Tracy Anderson on Getting Kids to Exercise
There’s no mystery to the fact that—whether they want to acknowledge it or not—we’re our kid’s primary role models. Here’s how to help establish good fitness habits.
Making Exercise a Family Thing
Just like we teach our kids to brush their teeth and wash their hands, we must teach our children to move their bodies. There are far-reaching consequences to letting our kids grow up sedentary: Not only can it harm their health, but it can damage self-esteem as well. I’m not suggesting that you put your 8-year-old on a treadmill, either. Instead, the best thing we can all do as parents is lead by example and make physical activity a central part of the way we spend time together. Build activities into your weekly routine, whether it’s through a pick-up game of football, or a weekend bike ride, hike, or day at the beach swimming in the ocean.
“The best thing we can all do as parents is lead by example and make physical activity a central part of the way we spend time together.”
And don’t worry if you haven’t been working out: Leading by example can be a great way to reach your goals, since there’s nothing quite as motivating as doing what we think is best for our children. I know many parents who have kicked their smoking habit simply because they couldn’t explain it to their kids! Same holds if you find yourself bowing out of the weekend hike. As you work toward your fitness goals, you’ll feel great getting to show your little ones that because you take care of your body, you’re fit enough to enjoy a family game of football in the backyard. (Yes! Moms, too!!) In the same vein, encouraging your kids to put down the iPads and go outside is harder to justify if your face is constantly buried in a screen—so use your kids as motivation to get up and move, too.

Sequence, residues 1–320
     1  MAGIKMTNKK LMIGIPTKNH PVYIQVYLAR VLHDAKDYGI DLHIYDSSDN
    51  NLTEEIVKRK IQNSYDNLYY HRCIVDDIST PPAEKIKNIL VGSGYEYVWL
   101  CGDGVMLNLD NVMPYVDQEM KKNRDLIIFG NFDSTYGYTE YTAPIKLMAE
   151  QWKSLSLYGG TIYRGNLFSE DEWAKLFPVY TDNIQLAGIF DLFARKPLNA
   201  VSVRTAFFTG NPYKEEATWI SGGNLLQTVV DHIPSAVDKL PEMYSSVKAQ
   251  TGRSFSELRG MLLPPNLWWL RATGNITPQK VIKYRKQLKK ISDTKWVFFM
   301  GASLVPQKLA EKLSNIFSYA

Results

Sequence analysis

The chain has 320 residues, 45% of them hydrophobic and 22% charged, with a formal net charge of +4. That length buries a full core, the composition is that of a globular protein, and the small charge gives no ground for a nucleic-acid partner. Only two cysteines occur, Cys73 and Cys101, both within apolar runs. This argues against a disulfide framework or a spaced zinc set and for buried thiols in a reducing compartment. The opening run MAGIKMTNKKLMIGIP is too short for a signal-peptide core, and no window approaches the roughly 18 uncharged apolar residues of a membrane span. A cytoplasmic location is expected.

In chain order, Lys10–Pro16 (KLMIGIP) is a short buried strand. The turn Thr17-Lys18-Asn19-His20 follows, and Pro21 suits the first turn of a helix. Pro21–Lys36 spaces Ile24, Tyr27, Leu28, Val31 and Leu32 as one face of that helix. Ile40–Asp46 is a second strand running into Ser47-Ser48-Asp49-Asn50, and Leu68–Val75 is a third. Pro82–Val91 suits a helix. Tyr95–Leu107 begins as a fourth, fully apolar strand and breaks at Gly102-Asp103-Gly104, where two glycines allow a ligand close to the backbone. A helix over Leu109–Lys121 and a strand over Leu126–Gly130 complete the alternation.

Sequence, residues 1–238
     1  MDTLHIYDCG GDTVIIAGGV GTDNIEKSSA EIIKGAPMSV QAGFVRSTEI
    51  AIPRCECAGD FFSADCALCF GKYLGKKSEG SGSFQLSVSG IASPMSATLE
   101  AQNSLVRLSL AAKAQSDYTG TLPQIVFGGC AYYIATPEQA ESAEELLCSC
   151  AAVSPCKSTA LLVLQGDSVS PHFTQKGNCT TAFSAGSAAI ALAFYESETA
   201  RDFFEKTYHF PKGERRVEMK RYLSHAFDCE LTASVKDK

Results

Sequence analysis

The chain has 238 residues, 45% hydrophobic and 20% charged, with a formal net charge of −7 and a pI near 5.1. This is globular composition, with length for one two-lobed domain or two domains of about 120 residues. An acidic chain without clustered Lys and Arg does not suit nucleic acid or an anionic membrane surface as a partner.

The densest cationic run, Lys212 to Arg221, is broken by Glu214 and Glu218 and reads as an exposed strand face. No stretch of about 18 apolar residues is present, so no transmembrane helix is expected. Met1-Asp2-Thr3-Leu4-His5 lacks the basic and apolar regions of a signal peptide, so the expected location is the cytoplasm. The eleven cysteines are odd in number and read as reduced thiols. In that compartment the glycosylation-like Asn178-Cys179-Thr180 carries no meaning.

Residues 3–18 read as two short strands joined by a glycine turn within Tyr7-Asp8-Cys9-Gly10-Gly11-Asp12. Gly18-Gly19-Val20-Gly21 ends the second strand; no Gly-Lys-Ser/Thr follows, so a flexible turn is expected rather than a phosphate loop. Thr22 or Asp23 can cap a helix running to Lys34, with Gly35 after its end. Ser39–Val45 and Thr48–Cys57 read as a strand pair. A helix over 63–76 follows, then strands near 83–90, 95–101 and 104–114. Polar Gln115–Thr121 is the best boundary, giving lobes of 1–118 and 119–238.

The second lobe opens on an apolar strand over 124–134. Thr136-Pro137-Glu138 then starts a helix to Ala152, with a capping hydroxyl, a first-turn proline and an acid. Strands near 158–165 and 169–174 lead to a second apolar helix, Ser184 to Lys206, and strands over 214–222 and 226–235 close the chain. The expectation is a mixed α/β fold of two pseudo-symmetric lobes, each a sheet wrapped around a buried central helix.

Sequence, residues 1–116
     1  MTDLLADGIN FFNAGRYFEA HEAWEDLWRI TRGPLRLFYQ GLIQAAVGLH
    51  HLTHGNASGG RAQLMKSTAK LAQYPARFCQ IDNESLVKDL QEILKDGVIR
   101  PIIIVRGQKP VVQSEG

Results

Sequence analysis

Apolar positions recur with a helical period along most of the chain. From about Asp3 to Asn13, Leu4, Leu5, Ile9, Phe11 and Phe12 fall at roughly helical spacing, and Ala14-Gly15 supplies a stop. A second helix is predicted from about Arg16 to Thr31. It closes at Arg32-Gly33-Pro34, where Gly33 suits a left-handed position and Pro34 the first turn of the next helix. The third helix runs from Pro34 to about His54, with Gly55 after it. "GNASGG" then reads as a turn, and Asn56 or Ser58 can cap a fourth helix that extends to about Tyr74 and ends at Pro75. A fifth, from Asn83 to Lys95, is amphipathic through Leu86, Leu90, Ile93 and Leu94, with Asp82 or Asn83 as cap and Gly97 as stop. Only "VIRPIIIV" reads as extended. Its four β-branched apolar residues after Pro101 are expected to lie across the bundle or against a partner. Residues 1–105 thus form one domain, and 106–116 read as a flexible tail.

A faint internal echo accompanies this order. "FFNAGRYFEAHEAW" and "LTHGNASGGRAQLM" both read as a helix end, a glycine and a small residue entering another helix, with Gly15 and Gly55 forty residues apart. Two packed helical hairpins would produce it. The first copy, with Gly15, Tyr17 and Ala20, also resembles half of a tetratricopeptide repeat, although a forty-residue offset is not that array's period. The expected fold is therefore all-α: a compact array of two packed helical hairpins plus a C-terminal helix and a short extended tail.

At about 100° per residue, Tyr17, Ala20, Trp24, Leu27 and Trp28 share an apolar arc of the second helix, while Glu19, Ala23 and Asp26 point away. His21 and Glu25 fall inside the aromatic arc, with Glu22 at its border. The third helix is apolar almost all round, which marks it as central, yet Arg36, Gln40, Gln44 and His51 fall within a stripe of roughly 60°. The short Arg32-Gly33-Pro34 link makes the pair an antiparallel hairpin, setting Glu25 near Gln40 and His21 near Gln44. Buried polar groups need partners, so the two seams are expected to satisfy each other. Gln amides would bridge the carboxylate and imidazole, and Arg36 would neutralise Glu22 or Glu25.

Teen Eating Tips
Taste is one of our five senses and enjoying food is one of life’s simple and visceral pleasures—and it should be learned young. It makes me sad that so many young people see food as enemy number one, and something to be avoided in lieu of “Quick Fix Diets,” diet pills, and other weight loss products that not only rob them of essential nutrients, but can pose serious health risks, too.
“Taste is one of our five senses and enjoying food is one of life’s simple and visceral pleasures—and it should be learned young.”
My advice to teens is simple: Find joy and delight in clean, healthy food and develop a palette that underlines the nutritional habits you’ll rely on for the rest of your life. Taking the time to make good choices as young adults is both physically and mentally important: When we are growing, we need nutrient-rich foods to support our bodies and minds. The best part is that a great diet is a self-fulfilling prophecy, since your body will come to expect, and crave these nutrients. And so the virtuous cycle begins!
Teens can also do themselves a favor by starting the day with breakfast. Studies continue to show that teens who eat in the morning function better through the school day, so there’s no time like the present to start loving a green smoothie to go! And skip the coffee: Teens should avoid caffeine at all costs because it seriously damages hormone production and reduces the body’s ability to absorb iron and calcium, both of which are essential to growth.
“The best part is that a great diet is a self-fulfilling prophecy, since your body will come to expect, and crave these nutrients. And so the virtuous cycle begins!”
Meanwhile, not to sound like a grandmother, but load up on vegetables: Learn to love and experiment with salads and raw vegetables—the more local and in-season the better. Besides all of the good things they’ll do for your gut, vegetables are great for skin—particularly skin that’s undergoing intense hormonal changes.
It probably goes without saying, but teens should embrace daily activity as a lifelong commitment. If you’re on a sports team, that’s great—if not, ensure you’re getting an hour of exercise per day, and make it so essential to your well-being, that you never stop as you age.